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About Us


Charles E. Seay, President/Founder


In October 1991, due to combat related injuries, Charles (the ranch founder) was medically retired from the U.S. Army as an Aviation First Sergeant with over 21 years service. He has always had a strong love for horses and after his wife passed away, for personal reasons decided to move. He located 200 acres of land in Texas and purchased the land which is now the 505 Horse Rescue and Retirement Ranch. After purchasing the land he quickly saw a need to rescue horses in the area from being sent to the slaughter house or needlessly killed because the owners couldn't afford to care for them. He now considers himself as living a dream come true by saving as many horses as he possibly can.

About our Care

At our facilities, horses are fed two meals a day which includes a pelleted feed and a vitamin and mineral supplements. Diets are also individualized according to each horse's nutritional requirements. In the mid-afternoon and late evening the horses are given a snack of hay. Apple and carrot snacks are always on hand. Clean water is always readily available, even in the coldest months. We ensure that exercise is part of every horse's daily routine. This may consist of pasture time, free run in the outdoor area, lunging, or both. During the winter months, we blanket the rescue horses to help keep them warm and comfortable.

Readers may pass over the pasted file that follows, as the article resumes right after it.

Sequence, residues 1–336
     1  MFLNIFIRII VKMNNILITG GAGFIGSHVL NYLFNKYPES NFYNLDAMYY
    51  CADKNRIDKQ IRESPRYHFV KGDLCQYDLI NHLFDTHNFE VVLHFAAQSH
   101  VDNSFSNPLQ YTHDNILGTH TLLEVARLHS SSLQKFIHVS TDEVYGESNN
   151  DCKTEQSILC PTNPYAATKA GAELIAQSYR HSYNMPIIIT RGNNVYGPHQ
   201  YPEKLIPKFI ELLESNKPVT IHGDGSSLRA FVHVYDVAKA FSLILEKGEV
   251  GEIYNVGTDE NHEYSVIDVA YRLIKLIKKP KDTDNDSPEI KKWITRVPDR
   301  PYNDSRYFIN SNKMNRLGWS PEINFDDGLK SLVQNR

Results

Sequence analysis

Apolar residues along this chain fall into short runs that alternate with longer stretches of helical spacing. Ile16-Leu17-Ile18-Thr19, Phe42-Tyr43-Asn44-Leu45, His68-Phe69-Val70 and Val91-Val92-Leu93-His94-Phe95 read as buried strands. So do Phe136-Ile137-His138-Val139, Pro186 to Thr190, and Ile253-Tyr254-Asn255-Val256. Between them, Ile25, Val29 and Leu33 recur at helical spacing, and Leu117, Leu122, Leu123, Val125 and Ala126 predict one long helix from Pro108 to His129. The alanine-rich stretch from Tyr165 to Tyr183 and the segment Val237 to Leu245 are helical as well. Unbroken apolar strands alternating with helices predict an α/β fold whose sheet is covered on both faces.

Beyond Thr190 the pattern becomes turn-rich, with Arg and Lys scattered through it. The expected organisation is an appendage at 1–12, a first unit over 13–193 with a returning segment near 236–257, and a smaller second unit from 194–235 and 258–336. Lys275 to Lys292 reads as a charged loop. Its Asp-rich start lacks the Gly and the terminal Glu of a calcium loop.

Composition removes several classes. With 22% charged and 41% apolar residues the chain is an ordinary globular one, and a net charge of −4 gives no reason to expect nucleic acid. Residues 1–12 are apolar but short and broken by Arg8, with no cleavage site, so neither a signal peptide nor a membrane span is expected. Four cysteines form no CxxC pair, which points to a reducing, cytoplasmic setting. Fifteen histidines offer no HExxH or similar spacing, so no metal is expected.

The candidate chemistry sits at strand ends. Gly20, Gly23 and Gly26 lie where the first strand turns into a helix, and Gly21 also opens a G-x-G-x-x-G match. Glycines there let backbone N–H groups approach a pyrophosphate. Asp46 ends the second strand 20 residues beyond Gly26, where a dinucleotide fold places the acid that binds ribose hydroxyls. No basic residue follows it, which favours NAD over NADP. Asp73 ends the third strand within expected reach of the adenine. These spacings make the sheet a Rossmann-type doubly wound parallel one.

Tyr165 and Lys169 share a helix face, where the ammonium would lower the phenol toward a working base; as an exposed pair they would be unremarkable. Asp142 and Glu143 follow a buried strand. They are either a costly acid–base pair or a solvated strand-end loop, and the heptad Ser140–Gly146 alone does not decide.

Veterinarian Care

Whenever a horse is rescued our veterinarian comes to evaluate the condition of the horse so that a proper diet and care plan can be provided. During an exam, the horse receives its required shots and the teeth are checked to see if they will need "floating" or filing down of sharp points from lack of care.

On occasion, a horse suffers an injury that requires special attention. Good veterinary care is extremely important for the rescue horses. We first evaluate their health and make a plan to improve it. Then we ensure that good health is maintained while in our care.

Farrier Services

The rescue horses feet are trimmed every 6 weeks to keep them in shape. Upon rescue, some times the horses' hooves are between 10 and 14 inches long, curling up like elves feet and looking like big slippers! It takes special care and time to get the horse's feet back to normal. Vet and farrier care is a significant expense, but a necessary investment in the horses' rehabilitation. The rescue horses need extensive care. To make a donation to help support their ongoing care, please click the link below. Any amount helps in continuing the care of these beautiful animals and is greatly appreciated by all, especially our four legged friends! Won't you please Donate for a great cause?